Follow what Ugandans on Twitter are writing about the bill using the hashtag #POMB
Read Same article here on One Young World Website

Tuesday, May 28, 2013

Freedom of expression crackdown in Uganda, why Social Media is not helpful.



Over the past one week, I have closely followed the story about the recent media crackdown of one of Uganda's leading independent newspapers TheDaily Monitor , RedPepper a tabloid and a couple of radio stations. I have, on daily basis streamed local news via NTV Uganda , followed the social media buzz and read blogs from some of Uganda Journalist like Charles Onyango Obbo and Angelo Izama regarding the media besiege of 20th May 2013 in Kampala Uganda.
With many personalized African regimes, where you easily get thrown in jail for publishing news that holds the government accountable, there is no doubt that good journalists become an endangered species. Main stream Journalist have become an easily target and have been victims of media crackdowns with so many being thrown in jail and threatened or have their licenses withdrawn by the communications regulator Like Rosebell Kagumire a Journalist and blogger shares.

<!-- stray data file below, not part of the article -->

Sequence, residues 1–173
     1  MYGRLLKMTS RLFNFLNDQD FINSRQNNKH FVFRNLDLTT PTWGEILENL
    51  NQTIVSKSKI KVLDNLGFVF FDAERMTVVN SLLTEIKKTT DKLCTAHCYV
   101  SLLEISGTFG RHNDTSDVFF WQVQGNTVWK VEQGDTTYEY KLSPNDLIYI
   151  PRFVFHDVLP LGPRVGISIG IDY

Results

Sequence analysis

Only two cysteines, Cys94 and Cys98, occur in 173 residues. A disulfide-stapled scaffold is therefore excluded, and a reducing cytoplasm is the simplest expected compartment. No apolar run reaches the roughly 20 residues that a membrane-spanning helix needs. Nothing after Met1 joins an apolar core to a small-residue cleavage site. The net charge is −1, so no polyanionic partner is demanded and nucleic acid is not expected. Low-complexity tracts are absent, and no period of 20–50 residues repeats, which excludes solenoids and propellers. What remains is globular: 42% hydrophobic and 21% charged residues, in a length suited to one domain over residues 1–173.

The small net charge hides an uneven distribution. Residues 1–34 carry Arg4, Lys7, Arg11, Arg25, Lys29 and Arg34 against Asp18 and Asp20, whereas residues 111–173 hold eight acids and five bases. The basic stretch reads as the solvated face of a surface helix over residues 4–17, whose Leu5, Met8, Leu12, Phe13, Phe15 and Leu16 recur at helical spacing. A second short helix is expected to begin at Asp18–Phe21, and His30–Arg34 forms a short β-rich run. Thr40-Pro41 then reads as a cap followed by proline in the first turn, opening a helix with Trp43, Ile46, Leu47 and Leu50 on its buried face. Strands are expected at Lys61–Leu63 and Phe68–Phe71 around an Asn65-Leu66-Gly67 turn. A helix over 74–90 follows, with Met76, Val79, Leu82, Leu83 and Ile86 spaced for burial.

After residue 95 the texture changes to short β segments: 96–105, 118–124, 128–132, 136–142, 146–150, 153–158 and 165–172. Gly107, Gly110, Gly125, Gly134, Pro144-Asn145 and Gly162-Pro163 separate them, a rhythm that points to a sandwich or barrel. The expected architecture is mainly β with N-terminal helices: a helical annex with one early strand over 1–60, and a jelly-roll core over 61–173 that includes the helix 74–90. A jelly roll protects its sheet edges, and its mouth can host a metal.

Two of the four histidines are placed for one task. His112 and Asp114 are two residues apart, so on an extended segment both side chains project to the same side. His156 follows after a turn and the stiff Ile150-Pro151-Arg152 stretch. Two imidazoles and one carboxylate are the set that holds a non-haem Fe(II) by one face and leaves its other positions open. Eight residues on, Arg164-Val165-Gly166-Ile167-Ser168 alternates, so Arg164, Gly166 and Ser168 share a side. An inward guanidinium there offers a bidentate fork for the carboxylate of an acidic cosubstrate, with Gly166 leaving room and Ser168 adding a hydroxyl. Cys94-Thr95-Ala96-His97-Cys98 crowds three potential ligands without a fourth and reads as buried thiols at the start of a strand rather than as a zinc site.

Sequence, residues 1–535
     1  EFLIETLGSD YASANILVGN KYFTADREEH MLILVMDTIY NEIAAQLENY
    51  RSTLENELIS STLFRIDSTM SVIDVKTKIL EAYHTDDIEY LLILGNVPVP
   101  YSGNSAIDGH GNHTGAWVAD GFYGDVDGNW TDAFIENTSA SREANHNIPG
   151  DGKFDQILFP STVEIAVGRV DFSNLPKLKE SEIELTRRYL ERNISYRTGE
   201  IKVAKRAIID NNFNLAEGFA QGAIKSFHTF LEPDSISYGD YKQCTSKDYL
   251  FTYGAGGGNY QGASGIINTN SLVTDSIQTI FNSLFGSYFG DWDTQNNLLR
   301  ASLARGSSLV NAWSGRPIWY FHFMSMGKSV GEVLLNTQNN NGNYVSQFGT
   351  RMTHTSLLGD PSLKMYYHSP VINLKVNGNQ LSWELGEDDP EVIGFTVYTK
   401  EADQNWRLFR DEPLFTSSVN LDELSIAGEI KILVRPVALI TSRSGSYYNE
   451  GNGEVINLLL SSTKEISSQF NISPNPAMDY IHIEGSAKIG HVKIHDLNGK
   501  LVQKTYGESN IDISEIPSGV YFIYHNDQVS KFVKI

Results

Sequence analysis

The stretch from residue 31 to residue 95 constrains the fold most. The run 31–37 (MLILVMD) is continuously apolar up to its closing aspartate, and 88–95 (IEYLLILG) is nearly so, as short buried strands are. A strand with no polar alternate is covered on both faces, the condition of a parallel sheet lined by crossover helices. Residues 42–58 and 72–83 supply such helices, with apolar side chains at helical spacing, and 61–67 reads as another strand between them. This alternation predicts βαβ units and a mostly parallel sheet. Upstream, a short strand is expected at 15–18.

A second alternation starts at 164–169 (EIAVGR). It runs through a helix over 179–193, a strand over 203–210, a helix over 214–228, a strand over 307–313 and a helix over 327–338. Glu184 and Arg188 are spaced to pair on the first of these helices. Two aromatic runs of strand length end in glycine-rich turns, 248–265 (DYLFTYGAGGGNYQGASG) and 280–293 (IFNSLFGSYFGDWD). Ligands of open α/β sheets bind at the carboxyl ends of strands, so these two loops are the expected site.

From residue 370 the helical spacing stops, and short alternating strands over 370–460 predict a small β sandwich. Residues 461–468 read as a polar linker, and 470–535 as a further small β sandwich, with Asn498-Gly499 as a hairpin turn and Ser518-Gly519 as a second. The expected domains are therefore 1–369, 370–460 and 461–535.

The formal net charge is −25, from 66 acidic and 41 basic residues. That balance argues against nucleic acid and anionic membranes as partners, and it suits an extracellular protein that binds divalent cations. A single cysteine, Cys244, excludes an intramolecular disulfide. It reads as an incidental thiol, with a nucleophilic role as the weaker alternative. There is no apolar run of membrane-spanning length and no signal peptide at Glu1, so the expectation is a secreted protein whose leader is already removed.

Snap shot of tweets about the Besiege on 20/5/13
Because of such risks, the advent of social media has shaped and continues to shape the experience of news because, it not only enables real time reporting but also creates millions of witnesses to hold Governments accountable. We all witnessed its impact during the Arab spring and how the narrative about Kenya is Changing though an online movement on Twitter dubbed #KOT [Kenyans on twitter] who will not waste any chance to correct  international media like CNN for wrongly broadcasting news about the various situations in Kenya. All these have been very successful but the same approach has failed to yield anything tangible in Uganda yet a reasonable number of Ugandan use social media.